In geometry, a face of a polyhedron is any of the polygons that make up its boundaries. For example, any of the squares that bound a cube is a face of the cube. The suffix hedron is derived from the Greek word hedra which means face.
The (twodimensional) polygons that bound higherdimensional polytopes are also commonly called faces. Formally, however, a face is any of the lower dimensional boundaries of the polytope, more specifically called an nface.
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Formal definition
In convex geometry, a face of a polytope P is the intersection of any supporting hyperplane of P and P. From this definition it follows that the set of faces of a polytope includes the polytope itself and the empty set. For example, a polyhedron R^{3} is entirely on one hyperplane of R^{4}. If R^{4} were spacetime, the hyperplane at t=0 supports and contains the entire polyhedron. Thus, by the formal definition, the polyhedron is a face of itself.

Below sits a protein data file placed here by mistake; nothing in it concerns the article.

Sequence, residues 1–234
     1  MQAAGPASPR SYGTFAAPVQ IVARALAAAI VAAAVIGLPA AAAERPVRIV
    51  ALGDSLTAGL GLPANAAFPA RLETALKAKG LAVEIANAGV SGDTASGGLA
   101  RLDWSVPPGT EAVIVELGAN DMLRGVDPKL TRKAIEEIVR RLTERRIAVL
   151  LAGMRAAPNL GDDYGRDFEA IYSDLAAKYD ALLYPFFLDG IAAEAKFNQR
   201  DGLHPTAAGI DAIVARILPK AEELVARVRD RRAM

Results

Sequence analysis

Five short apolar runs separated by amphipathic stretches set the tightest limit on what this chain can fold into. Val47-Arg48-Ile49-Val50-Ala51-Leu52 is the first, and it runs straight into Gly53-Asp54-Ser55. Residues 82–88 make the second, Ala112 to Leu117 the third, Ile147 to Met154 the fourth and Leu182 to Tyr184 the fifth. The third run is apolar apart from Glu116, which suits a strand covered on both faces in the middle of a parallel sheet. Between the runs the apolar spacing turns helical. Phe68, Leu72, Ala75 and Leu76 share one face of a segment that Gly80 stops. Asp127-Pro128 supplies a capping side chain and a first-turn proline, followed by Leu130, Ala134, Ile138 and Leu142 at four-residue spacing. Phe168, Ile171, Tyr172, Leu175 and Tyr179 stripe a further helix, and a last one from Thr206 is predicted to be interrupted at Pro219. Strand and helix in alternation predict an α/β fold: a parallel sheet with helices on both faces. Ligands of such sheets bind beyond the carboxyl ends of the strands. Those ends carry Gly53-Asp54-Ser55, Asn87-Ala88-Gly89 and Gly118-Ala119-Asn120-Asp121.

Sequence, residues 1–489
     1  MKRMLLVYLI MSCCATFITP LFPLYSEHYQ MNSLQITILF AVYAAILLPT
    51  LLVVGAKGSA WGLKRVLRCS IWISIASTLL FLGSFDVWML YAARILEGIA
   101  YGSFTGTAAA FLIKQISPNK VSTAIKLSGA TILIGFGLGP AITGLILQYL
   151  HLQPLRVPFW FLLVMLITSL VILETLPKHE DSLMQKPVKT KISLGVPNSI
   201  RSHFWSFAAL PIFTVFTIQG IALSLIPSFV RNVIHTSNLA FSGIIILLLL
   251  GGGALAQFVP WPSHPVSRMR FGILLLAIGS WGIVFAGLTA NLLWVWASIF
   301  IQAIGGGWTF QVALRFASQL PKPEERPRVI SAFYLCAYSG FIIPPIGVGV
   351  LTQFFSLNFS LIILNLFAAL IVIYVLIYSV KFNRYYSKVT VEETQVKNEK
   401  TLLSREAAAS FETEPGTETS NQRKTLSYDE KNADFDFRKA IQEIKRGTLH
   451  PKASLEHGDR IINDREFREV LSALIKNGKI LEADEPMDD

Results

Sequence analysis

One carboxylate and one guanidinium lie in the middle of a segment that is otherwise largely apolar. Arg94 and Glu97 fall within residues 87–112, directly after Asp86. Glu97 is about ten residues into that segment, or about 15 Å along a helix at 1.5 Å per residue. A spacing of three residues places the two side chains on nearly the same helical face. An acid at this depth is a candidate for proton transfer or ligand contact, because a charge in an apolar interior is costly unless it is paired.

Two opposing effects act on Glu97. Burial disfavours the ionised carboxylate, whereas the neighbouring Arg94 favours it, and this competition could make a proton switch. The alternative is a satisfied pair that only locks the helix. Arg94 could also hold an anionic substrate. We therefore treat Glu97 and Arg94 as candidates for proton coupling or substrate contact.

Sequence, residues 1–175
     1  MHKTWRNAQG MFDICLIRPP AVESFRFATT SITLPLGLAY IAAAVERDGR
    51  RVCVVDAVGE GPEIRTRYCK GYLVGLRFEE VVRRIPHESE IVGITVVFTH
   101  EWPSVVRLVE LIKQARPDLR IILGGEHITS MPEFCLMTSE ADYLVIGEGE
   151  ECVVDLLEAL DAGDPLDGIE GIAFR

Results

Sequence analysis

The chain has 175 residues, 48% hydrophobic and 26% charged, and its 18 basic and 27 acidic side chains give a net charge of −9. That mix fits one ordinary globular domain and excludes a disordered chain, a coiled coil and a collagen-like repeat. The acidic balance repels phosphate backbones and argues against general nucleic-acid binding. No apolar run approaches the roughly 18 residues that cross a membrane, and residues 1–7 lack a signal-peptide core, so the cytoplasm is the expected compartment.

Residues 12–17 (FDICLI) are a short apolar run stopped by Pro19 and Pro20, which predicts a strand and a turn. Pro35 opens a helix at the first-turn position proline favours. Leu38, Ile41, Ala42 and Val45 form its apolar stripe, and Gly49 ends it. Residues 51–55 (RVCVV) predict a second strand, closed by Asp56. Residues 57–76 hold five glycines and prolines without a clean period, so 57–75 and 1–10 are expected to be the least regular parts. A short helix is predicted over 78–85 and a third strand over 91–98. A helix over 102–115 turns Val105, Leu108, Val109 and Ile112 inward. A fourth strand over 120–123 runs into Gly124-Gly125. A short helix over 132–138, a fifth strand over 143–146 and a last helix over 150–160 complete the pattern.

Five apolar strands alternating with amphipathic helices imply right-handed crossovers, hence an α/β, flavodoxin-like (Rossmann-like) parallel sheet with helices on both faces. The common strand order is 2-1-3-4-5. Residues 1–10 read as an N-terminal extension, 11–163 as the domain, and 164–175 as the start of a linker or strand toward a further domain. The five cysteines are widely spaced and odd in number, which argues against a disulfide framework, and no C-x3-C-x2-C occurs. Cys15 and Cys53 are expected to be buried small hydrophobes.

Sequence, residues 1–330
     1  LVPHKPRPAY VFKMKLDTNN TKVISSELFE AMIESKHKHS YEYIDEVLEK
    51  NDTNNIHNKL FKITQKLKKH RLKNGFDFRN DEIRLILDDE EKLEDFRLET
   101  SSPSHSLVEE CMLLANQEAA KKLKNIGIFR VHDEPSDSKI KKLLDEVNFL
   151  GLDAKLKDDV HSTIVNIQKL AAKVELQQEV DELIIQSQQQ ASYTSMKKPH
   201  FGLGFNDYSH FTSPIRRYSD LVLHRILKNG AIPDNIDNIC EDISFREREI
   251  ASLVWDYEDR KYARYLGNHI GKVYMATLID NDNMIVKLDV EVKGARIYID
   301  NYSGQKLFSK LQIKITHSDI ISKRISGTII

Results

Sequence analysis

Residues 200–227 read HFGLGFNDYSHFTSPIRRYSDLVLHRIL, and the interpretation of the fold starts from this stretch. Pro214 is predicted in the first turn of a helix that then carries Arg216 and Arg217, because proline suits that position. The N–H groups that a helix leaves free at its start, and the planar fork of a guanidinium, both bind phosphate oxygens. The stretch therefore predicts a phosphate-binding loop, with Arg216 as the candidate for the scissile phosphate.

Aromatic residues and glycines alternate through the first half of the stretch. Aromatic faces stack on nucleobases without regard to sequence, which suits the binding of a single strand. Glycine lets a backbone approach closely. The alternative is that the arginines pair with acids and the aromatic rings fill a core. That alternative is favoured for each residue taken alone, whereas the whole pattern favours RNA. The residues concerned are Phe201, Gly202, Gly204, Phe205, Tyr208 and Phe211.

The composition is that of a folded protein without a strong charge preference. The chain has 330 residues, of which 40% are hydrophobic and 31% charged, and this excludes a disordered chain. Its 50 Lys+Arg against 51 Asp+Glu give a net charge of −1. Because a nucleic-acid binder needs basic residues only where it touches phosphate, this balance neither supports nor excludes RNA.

All of the following are the nfaces of a 4dimensional polytope:
 4face  the 4dimensional 4polytope itself
 3face  any 3dimensional cell
 2face  any 2dimensional polygonal face (using the common definition of face)
 1face  any 1dimensional edge
 0face  any 0dimensional vertex
 the empty set.
Facets
If the polytope lies in mdimensions, a face in the (m1)dimension is called a facet. For example, a cell of a polychoron is a facet, a "face" of a polyhedron is a facet, an edge of a polygon is a facet, etc. A face in the (n2)dimension is called a ridge.
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